The Most Amazing, Beautiful and Viral Maps of the Year
Great maps were everywhere in 2013. Some seemed destined to go viral. Some were stunning to see. Others had noble intentions and interesting stories to tell. Lots were made by people who aren’t professional mappers.
Here are some our favorites. It’s by no means an exhaustive list (and we were paying closer attention to new maps after we launched Map Lab in July), so if we missed one you think we were crazy to leave off this list, let us know in the comments.
Map one: The million-plus amateur cartographers who volunteer their time to plot roads, streets, and even shrubbery for Open Street Map were busier than ever this year. The beautiful map above, created by MapBox, shows how the database has grown since its inception in 2004. Hot pink areas are newly mapped, blue and green areas are older. (There’s a zoomable version on Mapbox’s website). OSM’s database of more than 21 million miles of roads and 78 million buildings, keeps finding new uses, such as helping first responders to disasters like this year’s typhoon Haiyan in the Philippines.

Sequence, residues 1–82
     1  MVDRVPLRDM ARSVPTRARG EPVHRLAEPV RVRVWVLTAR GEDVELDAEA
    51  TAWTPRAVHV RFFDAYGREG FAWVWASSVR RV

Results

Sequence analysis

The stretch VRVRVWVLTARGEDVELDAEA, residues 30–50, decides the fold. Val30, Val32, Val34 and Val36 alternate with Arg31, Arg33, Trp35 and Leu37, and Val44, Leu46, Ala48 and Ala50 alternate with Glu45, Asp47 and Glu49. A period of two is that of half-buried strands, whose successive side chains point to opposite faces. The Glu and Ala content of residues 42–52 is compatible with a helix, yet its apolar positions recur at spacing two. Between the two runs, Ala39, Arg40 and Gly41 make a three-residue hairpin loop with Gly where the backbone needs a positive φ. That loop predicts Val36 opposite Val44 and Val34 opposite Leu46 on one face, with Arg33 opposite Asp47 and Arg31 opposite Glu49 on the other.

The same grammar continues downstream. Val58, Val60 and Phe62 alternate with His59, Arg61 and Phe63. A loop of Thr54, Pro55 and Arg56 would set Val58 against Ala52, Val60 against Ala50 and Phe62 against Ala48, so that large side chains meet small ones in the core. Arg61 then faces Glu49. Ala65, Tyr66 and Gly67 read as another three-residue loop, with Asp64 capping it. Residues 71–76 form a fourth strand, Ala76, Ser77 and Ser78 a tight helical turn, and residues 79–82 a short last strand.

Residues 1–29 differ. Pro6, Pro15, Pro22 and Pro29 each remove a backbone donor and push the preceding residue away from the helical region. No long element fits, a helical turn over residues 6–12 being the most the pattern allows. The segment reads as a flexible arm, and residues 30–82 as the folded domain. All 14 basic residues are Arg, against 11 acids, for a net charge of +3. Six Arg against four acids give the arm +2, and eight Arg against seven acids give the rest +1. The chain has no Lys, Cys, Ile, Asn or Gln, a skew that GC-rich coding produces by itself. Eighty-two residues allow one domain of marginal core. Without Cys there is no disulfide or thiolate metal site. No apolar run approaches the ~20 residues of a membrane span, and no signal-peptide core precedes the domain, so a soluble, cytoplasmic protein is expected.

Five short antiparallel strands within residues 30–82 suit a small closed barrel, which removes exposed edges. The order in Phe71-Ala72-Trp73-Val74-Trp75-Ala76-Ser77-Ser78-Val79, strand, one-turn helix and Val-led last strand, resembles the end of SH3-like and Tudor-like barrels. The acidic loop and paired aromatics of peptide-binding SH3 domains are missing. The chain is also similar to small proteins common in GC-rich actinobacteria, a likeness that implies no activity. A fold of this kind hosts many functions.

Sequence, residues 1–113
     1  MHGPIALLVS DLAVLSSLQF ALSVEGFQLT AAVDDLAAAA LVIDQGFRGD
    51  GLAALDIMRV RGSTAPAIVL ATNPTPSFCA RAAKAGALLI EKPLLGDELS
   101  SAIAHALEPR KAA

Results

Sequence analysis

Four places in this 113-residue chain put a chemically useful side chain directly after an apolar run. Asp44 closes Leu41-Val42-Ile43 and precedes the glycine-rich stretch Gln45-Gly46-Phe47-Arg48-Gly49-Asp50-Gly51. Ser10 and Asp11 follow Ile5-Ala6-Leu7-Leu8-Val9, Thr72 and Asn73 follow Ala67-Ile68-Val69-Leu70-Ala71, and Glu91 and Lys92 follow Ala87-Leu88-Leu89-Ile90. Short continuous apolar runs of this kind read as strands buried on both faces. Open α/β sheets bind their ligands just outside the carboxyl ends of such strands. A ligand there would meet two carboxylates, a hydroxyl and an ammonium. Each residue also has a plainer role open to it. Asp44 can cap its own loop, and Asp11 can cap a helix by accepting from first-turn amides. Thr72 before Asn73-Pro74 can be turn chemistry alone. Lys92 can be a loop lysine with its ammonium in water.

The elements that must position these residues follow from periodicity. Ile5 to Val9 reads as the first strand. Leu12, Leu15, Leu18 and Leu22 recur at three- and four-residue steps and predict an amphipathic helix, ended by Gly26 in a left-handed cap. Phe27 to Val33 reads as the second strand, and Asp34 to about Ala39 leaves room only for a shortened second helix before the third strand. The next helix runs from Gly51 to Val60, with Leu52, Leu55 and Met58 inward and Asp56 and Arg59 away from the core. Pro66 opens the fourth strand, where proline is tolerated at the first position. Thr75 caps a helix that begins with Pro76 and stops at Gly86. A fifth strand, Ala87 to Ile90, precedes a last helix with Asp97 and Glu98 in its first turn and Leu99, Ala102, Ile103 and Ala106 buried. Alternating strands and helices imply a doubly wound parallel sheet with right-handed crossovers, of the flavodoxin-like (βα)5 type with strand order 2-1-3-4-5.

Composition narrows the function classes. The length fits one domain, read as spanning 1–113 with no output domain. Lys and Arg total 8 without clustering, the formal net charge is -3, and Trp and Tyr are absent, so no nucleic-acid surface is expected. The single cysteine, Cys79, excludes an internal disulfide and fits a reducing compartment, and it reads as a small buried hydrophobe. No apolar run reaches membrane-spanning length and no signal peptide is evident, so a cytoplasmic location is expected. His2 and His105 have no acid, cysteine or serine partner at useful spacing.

Map two: This map shows the paths of every hurricane and cyclone detected since 1842 — nearly 12,000. NOAA keeps the track info in a single database, and made this map which shows the frequency of the storms. You can clearly see that more storm tracks have overlapped in the western Pacific ocean and northern Indian ocean. This is largely because of the length of the typhoon season, which basically never stops in the warmer waters there. NOAA also mapped the storm intensities.
Map three: Iceland’s interesting topography can be seen beautifully on this map made up of elevation contours, or isolines made by Aitor Garcia Rey. You can explore and zoom in on the map hosted on CartoDB and read all the gory details of how it was made.
Map five: Twice a year, the setting sun lines up with the street grid of New York City’s Manhattan, creating an incredible show and a free-for-all for amateur photographers. The phenomenon is known as Manhattanhenge, but the map above, dubbed NYCHenge and made by Javier Santana shows when and where the show can be caught all across New York City, any day of the year.
those were my favourites but see the rest